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Is Rachel Alexandra the Best Filly Ever?

So how good is Rachel Alexandra?  We’ve heard everything from “best filly ever” to “overrated” and just about everything in between.  All of these assessments are fair based on a cursory look at what she’s done.  On one hand, she’s done things that 3 year old fillies have never done (win a classic, beat older males in a G1, win the Kentucky Oaks by almost 20 lengths).  On the other hand her competition has been historically weak.  The 3 year old fillies she’s beating are so far away from normal championship quality that you could measure the gap by eighth poles and quarter poles rather than lengths; and Rachel was life and death to hold on against Macho Again who wouldn’t even be Grade 1 quality in most handicap divisions and Mine That Bird who is still one of the more fluky Kentucky Derby winners in history.  On the flipside though, she had brutal trips in the Preakness and Woodward and showed incredible competitive spirit and talent to still hold on and win.  In a race like the Haskell where she didn’t encounter arduous circumstances, she produced an exceptional performance and an exceptional speed figure.

On the other hand…well there is no other hand.  That’s pretty much what you’ve got.  Rachel Alexandra is a 3 year old filly who can run a 116 Beyer Speed Figure against top competition in a fairly run race and a 108-11 BSF when she encounters difficult trip and pace scenarios.

So where does that leave us?  In my last post I talked about how I loved speed figures because they provide us with some means of comparing horses in a historical sense.  Here are Rachel Alexandra’s last several Beyers:

Woodward – 109
Haskell – 116
Mother Goose – 111
Preakness – 108
Kentucky Oaks – 108

For comparative purposes here are some other recent 3 yo filly champs and their top Beyers during their 3 yo filly season:

2008 Proud Spell – Tops of 101, 99, 99, 97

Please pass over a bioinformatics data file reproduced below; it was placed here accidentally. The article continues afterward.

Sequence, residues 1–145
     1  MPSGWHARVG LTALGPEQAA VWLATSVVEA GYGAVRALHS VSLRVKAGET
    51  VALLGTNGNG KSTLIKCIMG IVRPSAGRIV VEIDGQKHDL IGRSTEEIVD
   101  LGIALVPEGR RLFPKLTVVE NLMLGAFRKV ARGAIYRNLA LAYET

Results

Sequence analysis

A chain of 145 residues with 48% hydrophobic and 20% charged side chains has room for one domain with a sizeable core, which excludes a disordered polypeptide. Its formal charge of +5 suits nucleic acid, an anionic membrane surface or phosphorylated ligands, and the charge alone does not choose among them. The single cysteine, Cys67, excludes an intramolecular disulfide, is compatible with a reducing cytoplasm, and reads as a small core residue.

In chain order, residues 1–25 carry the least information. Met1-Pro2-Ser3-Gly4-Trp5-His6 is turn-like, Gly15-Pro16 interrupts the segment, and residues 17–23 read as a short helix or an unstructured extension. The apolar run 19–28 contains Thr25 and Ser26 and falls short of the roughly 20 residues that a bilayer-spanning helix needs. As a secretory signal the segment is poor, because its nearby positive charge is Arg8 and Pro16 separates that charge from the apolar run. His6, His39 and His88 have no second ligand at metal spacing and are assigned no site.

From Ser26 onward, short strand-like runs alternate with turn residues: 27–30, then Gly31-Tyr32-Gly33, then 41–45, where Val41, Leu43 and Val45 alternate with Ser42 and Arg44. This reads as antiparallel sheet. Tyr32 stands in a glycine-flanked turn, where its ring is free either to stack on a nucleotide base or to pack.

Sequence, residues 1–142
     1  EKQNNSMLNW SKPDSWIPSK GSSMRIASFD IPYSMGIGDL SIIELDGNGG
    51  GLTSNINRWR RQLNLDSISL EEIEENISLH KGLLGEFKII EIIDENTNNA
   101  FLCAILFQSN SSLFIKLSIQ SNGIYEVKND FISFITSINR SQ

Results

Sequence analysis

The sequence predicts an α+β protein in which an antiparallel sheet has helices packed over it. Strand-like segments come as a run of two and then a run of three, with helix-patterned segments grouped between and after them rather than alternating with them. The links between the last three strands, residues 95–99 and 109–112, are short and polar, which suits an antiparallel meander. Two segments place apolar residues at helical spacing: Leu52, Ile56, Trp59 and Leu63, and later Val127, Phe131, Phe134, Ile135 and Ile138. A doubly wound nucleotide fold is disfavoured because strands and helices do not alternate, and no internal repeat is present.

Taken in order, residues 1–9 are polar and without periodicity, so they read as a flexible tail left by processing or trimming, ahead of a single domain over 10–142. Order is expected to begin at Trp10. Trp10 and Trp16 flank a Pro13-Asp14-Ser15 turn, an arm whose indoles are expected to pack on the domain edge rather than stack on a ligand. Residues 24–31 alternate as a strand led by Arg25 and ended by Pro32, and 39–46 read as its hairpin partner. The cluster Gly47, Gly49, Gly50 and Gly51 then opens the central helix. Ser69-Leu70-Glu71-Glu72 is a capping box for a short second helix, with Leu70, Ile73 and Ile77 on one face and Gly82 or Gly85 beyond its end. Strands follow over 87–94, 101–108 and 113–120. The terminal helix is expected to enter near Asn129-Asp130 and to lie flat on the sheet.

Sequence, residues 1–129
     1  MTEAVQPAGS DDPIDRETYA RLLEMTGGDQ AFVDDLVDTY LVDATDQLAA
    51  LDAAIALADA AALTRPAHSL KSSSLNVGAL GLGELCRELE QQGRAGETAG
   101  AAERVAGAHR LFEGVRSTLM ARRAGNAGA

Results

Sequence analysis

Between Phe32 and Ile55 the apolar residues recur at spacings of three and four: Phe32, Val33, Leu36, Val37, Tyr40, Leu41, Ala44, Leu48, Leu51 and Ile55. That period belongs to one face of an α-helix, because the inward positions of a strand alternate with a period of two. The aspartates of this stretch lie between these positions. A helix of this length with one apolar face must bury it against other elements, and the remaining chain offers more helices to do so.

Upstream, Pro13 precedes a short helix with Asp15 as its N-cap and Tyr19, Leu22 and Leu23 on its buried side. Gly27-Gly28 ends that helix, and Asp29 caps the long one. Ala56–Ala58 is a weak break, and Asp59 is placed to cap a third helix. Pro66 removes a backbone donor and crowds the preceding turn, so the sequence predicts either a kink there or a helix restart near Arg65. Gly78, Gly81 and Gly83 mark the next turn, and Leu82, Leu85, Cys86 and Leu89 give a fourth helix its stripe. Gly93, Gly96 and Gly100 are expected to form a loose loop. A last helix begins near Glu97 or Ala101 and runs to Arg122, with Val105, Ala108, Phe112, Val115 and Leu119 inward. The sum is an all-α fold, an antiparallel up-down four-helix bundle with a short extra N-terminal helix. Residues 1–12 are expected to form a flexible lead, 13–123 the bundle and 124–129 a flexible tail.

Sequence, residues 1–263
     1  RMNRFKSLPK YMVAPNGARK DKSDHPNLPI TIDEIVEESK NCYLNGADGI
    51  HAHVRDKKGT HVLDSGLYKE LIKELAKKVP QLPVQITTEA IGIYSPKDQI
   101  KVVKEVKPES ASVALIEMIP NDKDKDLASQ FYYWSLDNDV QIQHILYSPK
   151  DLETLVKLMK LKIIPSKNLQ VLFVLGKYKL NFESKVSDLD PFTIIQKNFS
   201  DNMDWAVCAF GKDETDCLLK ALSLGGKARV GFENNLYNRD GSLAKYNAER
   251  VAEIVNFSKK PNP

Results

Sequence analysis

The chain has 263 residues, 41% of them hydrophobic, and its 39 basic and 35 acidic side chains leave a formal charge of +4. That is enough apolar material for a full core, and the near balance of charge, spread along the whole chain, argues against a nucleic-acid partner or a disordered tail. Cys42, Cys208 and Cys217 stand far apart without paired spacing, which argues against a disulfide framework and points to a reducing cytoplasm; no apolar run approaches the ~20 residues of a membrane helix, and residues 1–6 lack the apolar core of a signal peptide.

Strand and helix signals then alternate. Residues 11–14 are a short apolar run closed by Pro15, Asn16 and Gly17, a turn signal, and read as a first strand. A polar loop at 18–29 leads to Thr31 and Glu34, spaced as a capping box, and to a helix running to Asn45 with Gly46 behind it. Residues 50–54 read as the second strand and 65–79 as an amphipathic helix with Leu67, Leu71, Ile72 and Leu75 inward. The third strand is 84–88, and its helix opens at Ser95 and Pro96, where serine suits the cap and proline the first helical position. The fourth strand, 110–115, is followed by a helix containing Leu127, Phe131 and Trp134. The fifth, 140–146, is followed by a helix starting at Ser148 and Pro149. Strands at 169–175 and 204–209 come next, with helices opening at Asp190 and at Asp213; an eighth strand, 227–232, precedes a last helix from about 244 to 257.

2007 Rags to Riches – Tops of 107, 104, 98, 96
2006 Wait A While -Her accomplishments came on turf.  Dirt top of 90
2005 Smuggler – Tops of 98, 94, 93, 92 in season that ended in July.
2004 Ashado – Tops of 106, 103, 103, 102
2003 Bird Town -Tops of 101, 100, 100, 100
2002 Farda Amiga -Tops of 103, 103, 100, 95

Clearly Rachel Alexandra is FAST.  Much faster than most recent 3 year old filly champs.  When she encountered difficult pace scenarios in the Preakness & Woodward she still ran faster than any recent 3 yo filly champ ran in their best effort, and under normal circumstances she was 10-15 points superior.

So how does she compare to some of the greats?  Well on the positive side, 116 is about as fast as it gets.  On the negative side, there are quite a few who have run figures in that range.  Here are a few examples:

Lakeway ran a 117 winning the Hollywood Oaks.

Surfside ran a 116 winning the Clark (alebit much later in the season)

Silverbulletday ran a 115 in the Alabama – to go along with 109-107-108 in the Black Eyed Susan, Kentucky Oaks, & Ashland.

Go For Wand:

Beldame – 117
Maskette – 105
Alabama – 111
Test – 114
Mother Goose – 104

Then there’s Xtra Heat who couldn’t do it going long, but ran sprint figures of 120, 119, 117 as a 3 yo filly.

Very Subtle ran a 121 when she won the 1987 Breeders’ Cup Sprint over Groovy as a 3 year old filly.

Miesque ran a 119 when she won the  1987 Breeders’ Cup Turf Mile as a 3 yo filly.

I also seem to recall Mantistique running a 115 type number as a 3 yo filly at Hollywood but I have no record of it.  Winning Colors ran a similar number winning the Santa Anita Derby if memory serves, but I have no record of that either.  Winning Colors also ran a 115 in defeat losing to Personal Ensign in the Breeders’ Cup Distaff.

As far as older fillies & mares, clearly they have run faster due to maturity, but for comparative purposes the 2 fastest Breeders’ Cup Distaff’s on record belong to Princess Rooney (120) and Inside Information (119).  The great Lady’s Secret ran a 113 winning the BC Distaff but put up figures of 120 (Woodward), 119 (Ruffian), 118 (Whitney), and 116 (Maskette) in 1986.